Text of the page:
Women of the Wall Defy State Ruling To Perform Priestly Blessing at Kotel

JERUSALEM — The Women of the Wall held a priestly blessing as part of its monthly service at the Western Wall, despite a ruling by Israel’s attorney general forbidding the practice.

The women also brought a Torah scroll to the Monday morning Rosh Chodesh prayer service, which they have been prohibited from in the past. Some 120 women participated in Monday morning’s service.

Both actions violate traditional customs of the site, and are therefore supposed to be excluded.

Attorney General Avichai Mendelblit last month said he would prohibit a women’s priestly blessing ceremony from going forward during the intermediate days of Passover. In announcing the ceremony, to be held at the Western Wall’s women’s section, Women of the Wall had declared it “the first of its kind.” Tens of thousands of Jews flock to the Western Wall to receive the blessing from kohanim, or descendants of ancient Israel’s priestly caste, during the intermediate days of Passover.

After threatening to hold the ceremony on Passover despite the ruling, the women eschewed the blessing during their holiday service at the Western Wall.

On Monday during prayers for the new month of Iyar, the women brought to wall a 250-year-old Torah scroll brought from Holy Blossom Temple in Toronto, to be used for a women’s Torah reading at the holy site. Police officers attempted to confiscate the scroll, but retreated when the women closed ranks, according to the Women of the Wall.

The group maintains that performing the Priestly Blessing during services for the new month is not a violation of local custom since the blessing is a part of the regular service in Israel.

The Rabbi of the Western Wall, Shmuel Rabinovitch, decried the Women of the Wall’s “divisive actions” in a statement issued to the media. He called criticized the women’s “brazen disregard for the customs of the place and the traditions of Israel and the feelings of the worshipers.”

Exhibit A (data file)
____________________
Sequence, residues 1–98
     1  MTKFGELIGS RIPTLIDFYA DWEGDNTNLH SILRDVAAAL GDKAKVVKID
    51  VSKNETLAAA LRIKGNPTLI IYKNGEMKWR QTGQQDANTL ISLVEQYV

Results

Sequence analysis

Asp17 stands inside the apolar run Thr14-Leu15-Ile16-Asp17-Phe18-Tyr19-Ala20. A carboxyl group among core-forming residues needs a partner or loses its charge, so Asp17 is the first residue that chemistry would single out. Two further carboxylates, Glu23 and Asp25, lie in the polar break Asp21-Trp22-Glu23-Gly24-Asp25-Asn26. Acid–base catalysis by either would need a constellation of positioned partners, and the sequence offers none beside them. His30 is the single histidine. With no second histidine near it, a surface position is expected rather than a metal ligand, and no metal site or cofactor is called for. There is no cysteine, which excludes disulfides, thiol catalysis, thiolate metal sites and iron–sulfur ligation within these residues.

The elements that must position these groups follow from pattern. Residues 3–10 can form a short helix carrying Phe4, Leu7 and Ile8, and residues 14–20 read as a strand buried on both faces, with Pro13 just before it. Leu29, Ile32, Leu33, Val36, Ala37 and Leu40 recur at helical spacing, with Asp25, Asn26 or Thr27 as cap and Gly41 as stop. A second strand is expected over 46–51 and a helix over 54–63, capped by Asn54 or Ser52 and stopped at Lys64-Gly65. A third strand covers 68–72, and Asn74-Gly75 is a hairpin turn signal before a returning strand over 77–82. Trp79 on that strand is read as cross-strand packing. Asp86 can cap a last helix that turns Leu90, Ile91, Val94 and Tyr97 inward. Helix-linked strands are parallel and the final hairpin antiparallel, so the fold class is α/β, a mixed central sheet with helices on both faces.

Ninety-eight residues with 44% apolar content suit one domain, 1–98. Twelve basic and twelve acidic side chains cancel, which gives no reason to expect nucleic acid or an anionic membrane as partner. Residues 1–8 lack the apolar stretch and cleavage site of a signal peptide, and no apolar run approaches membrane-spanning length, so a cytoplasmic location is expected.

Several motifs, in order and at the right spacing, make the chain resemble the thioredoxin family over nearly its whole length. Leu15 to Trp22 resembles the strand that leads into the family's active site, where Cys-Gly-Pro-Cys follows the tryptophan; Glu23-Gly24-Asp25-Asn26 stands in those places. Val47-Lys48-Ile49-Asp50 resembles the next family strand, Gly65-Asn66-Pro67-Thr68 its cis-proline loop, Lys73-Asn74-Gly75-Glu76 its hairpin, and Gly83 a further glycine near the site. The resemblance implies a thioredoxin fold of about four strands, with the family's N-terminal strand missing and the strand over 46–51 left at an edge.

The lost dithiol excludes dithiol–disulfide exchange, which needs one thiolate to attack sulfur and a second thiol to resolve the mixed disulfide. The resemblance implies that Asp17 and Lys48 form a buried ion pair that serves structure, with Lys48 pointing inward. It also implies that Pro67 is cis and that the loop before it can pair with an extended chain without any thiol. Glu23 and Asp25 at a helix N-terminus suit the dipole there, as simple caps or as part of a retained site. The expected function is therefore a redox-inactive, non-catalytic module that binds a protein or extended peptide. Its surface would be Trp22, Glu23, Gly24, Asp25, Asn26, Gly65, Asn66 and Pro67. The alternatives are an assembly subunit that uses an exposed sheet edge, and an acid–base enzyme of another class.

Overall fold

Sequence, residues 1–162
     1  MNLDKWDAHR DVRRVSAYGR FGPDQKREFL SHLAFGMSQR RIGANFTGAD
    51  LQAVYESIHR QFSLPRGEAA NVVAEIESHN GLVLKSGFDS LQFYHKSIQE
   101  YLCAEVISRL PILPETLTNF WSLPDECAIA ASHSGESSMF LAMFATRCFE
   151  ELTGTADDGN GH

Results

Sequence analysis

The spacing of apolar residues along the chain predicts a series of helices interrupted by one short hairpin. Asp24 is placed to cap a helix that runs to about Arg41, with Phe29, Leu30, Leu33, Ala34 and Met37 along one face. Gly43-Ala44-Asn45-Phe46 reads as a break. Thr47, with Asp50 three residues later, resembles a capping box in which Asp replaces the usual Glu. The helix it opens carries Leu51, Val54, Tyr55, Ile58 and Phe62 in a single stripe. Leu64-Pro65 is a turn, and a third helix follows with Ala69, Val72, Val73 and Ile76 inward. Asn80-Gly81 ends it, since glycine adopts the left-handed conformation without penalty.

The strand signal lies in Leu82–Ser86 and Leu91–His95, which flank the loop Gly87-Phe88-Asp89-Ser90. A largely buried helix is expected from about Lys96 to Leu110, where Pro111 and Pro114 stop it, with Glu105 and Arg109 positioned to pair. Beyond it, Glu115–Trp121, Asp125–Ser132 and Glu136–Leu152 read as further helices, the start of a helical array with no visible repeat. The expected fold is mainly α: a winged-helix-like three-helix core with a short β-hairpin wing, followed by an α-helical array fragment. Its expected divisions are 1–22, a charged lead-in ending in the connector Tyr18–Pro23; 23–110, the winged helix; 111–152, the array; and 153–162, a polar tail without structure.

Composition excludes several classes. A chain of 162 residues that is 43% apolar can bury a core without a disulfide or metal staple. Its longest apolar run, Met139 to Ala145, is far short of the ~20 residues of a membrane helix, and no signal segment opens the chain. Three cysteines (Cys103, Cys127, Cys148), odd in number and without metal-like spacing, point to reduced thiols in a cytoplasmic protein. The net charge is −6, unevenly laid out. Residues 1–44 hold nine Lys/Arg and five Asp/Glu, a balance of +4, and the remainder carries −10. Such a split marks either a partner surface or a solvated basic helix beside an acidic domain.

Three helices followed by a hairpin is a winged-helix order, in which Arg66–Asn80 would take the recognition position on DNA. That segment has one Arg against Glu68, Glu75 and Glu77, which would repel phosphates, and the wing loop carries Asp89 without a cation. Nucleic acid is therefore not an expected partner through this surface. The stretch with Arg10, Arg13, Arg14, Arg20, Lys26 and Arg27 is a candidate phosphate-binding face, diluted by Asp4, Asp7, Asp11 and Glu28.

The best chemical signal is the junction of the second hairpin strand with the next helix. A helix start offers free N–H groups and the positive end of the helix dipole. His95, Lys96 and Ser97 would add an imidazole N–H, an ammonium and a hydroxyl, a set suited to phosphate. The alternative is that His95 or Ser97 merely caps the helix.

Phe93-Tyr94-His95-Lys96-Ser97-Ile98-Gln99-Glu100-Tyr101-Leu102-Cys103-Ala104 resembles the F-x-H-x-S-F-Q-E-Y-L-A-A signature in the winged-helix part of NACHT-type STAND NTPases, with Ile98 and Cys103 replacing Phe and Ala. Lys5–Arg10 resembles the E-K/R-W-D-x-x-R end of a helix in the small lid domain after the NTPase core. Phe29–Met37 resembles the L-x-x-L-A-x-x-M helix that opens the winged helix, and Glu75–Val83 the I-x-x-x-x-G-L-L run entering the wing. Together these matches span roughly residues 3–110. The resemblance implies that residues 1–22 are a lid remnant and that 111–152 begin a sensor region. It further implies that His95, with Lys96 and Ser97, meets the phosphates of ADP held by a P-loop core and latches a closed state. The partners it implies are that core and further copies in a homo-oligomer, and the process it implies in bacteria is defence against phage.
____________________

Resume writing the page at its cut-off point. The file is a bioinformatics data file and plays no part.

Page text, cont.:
“These women are insisting on deepening an actual rupture at the Western Wall, the only place that unites the people of Israel from all sectors and from all ethnic groups,” he said in the statement.

A 2013 Supreme Court ruling acknowledged the women’s right to pray at the Western Wall according to their beliefs, claiming it does not violate what has come to be known as “local custom.”

Your Comments

The Forward welcomes reader comments in order to promote thoughtful discussion on issues of importance to the Jewish community. All readers can browse the comments, and all Forward subscribers can add to the conversation. In the interest of maintaining a civil forum, The Forward requires that all commenters be appropriately respectful toward our writers, other commenters and the subjects of the articles. Vigorous debate and reasoned critique are welcome; name-calling and personal invective are not and will be deleted. Egregious commenters or repeat offenders will be banned from commenting. While we generally do not seek to edit or actively moderate comments, our spam filter prevents most links and certain key words from being posted and the Forward reserves the right to remove comments for any reason.

Recommend this article

Women of the Wall Defy State Ruling To Perform Priestly Blessing at Kotel

Thank you!

This article has been sent!

Close
Close